“Governments should ensure that children are properly cared for, and protect them from violence, abuse and neglect by their parents, or anyone else looking after them.”                                                                 (Article 19)

Our school aims are

  • We aim to create a happy environment by promoting positive values.
  • We aim to support pupils, parents and teachers in creating an exciting and effective, learning and teaching environment.
  • We aim to create a caring ethos where everyone takes responsibility for themselves and values each other.
  • We aim to foster creativity, confidence, a healthy attitude and responsibility in developing skills for life.
  • We aim to include everybody fairly and as fully as possible.
  • We aim to ensure all pupils achieve their full potential and do their best

 

The Pupils

Must behave acceptably and must recognise bullying as,

  • Physical  =  punching, kicking, hitting, etc
  • Verbal  =  name calling, teasing, etc
  • Exclusion  =  ignoring, omitting
  • Damage/Taking  =  breaking or taking others belongings or things

 

Pupils must know what to do if they are being bullied

  • Do not be silent. 
  • Shout No!  Walk away – Go to an adult or friend immediately
  • Tell an adult you trust.  You will get support.

 

Teachers and Playground Supervisors must

  • Listen
  • Discuss
  • Deal quickly, firmly and fairly with complaints
  • Use a positive approach 
  • In the playground, recognise that a child may need time out, note any bullying in behaviour book which is regularly reviewed by the leadership team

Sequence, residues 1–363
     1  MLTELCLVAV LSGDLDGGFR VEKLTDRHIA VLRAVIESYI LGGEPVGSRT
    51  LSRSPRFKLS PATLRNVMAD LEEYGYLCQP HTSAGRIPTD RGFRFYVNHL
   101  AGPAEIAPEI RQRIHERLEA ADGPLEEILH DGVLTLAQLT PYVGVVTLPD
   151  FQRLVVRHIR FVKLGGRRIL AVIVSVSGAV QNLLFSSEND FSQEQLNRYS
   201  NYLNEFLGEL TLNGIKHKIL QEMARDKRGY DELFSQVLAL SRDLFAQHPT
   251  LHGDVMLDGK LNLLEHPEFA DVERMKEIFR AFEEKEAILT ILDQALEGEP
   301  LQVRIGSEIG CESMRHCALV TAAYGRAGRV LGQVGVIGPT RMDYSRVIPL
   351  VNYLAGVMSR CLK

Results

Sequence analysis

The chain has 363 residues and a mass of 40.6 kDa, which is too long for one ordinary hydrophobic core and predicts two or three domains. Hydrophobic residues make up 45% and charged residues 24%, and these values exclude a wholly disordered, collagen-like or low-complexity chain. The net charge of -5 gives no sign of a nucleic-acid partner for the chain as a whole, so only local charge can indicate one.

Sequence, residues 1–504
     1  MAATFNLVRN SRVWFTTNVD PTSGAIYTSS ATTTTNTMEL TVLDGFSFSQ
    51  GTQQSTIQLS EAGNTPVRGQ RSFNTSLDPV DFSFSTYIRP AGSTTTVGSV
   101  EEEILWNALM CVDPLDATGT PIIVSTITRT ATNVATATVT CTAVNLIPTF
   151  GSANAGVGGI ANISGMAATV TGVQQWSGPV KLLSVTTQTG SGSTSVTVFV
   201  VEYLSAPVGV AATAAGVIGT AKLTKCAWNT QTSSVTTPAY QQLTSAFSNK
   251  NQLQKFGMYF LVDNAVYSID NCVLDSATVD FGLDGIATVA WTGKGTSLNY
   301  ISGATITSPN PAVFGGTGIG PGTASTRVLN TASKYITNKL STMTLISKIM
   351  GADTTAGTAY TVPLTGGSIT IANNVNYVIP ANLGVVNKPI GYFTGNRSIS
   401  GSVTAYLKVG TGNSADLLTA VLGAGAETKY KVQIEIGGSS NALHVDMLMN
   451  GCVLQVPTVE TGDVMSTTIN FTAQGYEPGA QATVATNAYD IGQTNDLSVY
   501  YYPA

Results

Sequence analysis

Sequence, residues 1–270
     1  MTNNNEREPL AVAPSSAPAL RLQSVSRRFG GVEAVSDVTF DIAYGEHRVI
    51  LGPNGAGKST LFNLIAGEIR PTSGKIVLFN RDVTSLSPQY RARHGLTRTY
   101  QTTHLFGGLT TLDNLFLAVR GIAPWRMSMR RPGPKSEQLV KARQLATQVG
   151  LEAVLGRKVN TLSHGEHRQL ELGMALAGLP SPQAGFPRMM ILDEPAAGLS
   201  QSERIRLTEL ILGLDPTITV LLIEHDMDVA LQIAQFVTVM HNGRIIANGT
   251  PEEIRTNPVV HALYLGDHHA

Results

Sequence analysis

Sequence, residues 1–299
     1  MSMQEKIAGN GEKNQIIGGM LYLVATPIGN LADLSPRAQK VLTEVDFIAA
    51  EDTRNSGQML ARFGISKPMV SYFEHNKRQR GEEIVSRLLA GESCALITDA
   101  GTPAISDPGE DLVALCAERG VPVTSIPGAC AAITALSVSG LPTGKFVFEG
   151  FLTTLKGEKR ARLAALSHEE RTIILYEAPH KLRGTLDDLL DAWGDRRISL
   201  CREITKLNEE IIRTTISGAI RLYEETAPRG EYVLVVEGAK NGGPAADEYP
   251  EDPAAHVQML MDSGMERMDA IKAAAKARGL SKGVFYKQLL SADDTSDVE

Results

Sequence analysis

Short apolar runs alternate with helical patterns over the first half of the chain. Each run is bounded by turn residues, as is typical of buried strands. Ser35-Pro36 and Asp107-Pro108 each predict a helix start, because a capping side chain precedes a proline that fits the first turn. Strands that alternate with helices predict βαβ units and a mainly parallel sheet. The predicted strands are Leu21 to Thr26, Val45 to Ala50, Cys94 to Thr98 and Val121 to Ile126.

• Teachers, when necessary should involve the leadership team and/or involve parents
  • In class, use circle time, appropriate story books, religious and moral education and social and personal development times to raise and discuss issues
  • Offer support
  • Encourage the pupils to sign the anti-bullying contract (kept in PT’s office)

 

Support for the child displaying anti-social behaviour

  • Talk and listen to discover reasons
  • Re-iterate the policy that bullying behaviour is not acceptable
  • Review the child’s entitlement to Golden Time (see behaviour policy)
  • Report bullying incidents to the head teacher
  • The head teacher will make a note of incident in behaviour tracking folder
  • A warning may be given, a slip home or contact made with the parents

 

November 2008

EQUAL OPPORTUNITIES

The Equal Opportunities Policy is contained in the school policy file and applies to the nursery.  We are a UNICEF Rights respecting School.

 

Nursery staff should consider the following when communicating with parents, planning for learning, supporting children and using resources in the nursery.

  • Ensure the environment is free from discrimination or prejudice.
  • Provide clear, unambiguous written communication.
  • Wherever possible provide information in the languages of the parents and carers using the nursery.
  • Promote non-verbal and verbal communication.
  • Value the child’s home language and encourage its use so that the child can respond confidently and express their own needs, thoughts and feeling.
  • Provide support and work in partnership with all parents and carers and be aware of the diversity or dynamics of a family unit regardless of gender, race, religion and culture.
  • Provide equal opportunities for boys and girls to participate in the full range of learning experiences.
  • Encourage positive attitudes towards others whose gender, language, religion and culture is different from their own.
  • Provide non-stereotypical books, jigsaws, pictures, stories and rhymes in showing positive images of different people of different races and cultures and showing boys and girls, men and women in a range of non-stereotypical roles.